Project description:Background: Among individuals experiencing amphetamine psychosis, it may be difficult to rule out schizophrenia. The use of antipsychotics for the treatment of amphetamine psychosis is sparse due to possible side effects. Some arguments disfavor their use, stating that the psychotic episode is self-limited. Without treatment, some individuals may?not fully?recover?from the?psychosis and may develop full-blown psychosis, emotional, and cognitive disturbance. This review aims to investigate the clinical benefits and risks of antipsychotics for the treatment of amphetamine psychosis. Methods: Electronic search on trials on antipsychotic drugs for amphetamine psychosis from their inception to November 2018 was conducted in PubMed, Scopus, Google Scholar, EBSCOhost, ProQuest, Cochrane Review Database, Medline Ovid, and EMBASE following the Preferred Reporting Items for Systematic Reviews and Meta-Analysis guidelines. The Cochrane risk-of-bias tool assessed the risk of bias, the methodological quality of individual trials was assessed by the Oxford Quality Scoring System, and the quality of evidence for recommendations was judged by the Grading of Recommendations, Assessment, Development, and Evaluations (GRADE). The results were synthesized qualitatively and quantitatively. Results: The investigation of six randomized controlled trials of 314 participants showed that aripiprazole, haloperidol, quetiapine, olanzapine, and risperidone were able to reduce or control the psychotic episode (positive and negative symptoms) induced by amphetamine use with no adverse event. Although the side-effect profile of these agents varied, no drug was clinically superior to others. Conclusions: This review suggests that antipsychotics seem to be efficacious for amphetamine psychosis on both positive and negative symptoms. Practitioners need to tailor their use based on risks for side effects individually.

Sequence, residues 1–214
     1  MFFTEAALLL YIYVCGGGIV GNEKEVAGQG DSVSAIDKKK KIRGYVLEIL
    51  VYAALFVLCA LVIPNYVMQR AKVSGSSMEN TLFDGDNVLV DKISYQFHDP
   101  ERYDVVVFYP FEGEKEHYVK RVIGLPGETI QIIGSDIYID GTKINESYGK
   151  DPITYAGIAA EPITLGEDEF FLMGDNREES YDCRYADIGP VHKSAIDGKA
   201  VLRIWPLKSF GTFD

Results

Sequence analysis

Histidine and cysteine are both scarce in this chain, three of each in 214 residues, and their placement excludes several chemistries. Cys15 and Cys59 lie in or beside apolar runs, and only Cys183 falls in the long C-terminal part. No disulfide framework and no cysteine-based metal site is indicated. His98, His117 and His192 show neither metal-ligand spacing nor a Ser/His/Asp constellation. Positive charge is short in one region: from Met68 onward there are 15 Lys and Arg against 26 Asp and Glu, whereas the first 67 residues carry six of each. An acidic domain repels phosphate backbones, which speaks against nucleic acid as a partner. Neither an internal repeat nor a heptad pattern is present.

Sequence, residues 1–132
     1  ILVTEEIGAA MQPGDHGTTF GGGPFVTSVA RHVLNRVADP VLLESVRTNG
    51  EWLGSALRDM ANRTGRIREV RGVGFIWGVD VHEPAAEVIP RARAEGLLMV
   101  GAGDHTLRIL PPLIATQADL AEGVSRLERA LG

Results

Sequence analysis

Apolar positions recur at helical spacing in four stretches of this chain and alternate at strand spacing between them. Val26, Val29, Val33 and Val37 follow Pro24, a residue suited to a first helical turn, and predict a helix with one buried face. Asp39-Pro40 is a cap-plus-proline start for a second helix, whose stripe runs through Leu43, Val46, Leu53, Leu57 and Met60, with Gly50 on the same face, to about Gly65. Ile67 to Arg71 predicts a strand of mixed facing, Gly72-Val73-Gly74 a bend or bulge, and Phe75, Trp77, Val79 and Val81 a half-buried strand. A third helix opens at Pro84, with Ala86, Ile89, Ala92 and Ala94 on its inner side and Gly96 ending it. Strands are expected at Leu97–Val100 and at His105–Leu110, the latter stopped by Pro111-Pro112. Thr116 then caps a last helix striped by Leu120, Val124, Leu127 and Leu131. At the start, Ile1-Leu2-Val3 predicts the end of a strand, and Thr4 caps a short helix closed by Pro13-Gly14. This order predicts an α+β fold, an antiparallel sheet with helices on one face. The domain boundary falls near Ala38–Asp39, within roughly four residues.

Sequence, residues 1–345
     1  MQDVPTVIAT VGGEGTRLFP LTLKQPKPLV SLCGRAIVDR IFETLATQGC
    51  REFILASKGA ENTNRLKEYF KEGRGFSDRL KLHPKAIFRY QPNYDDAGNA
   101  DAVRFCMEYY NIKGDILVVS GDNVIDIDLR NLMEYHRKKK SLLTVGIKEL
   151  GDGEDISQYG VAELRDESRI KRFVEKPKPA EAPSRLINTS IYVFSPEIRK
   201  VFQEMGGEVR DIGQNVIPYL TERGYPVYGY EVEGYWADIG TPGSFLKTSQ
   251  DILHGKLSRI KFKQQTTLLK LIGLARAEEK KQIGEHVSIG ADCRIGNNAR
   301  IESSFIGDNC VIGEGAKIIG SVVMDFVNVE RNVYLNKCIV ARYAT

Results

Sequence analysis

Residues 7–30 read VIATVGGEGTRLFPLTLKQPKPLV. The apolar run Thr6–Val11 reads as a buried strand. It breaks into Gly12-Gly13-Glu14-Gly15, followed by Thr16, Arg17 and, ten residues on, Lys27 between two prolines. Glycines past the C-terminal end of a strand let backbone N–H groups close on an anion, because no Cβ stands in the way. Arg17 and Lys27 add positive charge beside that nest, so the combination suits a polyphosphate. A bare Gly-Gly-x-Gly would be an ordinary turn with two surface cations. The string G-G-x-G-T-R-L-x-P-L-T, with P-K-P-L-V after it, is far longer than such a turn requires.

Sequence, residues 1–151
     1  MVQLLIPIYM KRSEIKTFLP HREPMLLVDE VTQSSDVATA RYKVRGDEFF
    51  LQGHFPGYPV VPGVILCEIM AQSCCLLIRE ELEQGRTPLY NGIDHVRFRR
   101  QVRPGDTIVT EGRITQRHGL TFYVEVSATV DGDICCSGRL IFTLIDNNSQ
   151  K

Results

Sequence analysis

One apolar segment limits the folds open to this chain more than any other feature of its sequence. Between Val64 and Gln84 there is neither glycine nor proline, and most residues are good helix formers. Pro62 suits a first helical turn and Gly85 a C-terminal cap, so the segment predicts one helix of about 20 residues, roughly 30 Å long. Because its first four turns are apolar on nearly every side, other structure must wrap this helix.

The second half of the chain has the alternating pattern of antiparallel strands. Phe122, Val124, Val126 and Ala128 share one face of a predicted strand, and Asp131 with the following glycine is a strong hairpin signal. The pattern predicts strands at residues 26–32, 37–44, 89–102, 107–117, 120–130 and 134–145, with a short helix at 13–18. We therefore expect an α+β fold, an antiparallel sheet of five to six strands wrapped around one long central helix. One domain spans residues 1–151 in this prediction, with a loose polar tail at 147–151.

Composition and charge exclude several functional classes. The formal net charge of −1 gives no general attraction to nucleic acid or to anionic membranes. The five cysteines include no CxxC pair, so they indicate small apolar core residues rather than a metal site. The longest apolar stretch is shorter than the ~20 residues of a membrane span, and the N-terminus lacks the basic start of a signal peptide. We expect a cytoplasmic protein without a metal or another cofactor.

Project description:Loneliness has social and health implications. The aim of this article is to evaluate the association of loneliness with all-cause mortality.Pubmed, PsycINFO, CINAHL and Scopus databases were searched through June 2016 for published articles that measured loneliness and mortality. The main characteristics and the effect size values of each article were extracted. Moreover, an evaluation of the quality of the articles included was also carried out. A meta-analysis was performed firstly with all the included articles and secondly separating by gender, using a random effects model.A total of 35 articles involving 77220 participants were included in the systematic review. Loneliness is a risk factor for all-cause mortality [pooled HR = 1.22, 95% CI = (1.10, 1.35), p < 0.001] for both genders together, and for women [pooled HR = 1.26, 95% CI = (1.07, 1.48); p = 0.005] and men [pooled HR = 1.44; 95% CI = (1.19, 1.76); p < 0.001] separately.Loneliness shows a harmful effect for all-cause mortality and this effect is slightly stronger in men than in women. Moreover, the impact of loneliness was independent from the quality evaluation of each article and the effect of depression.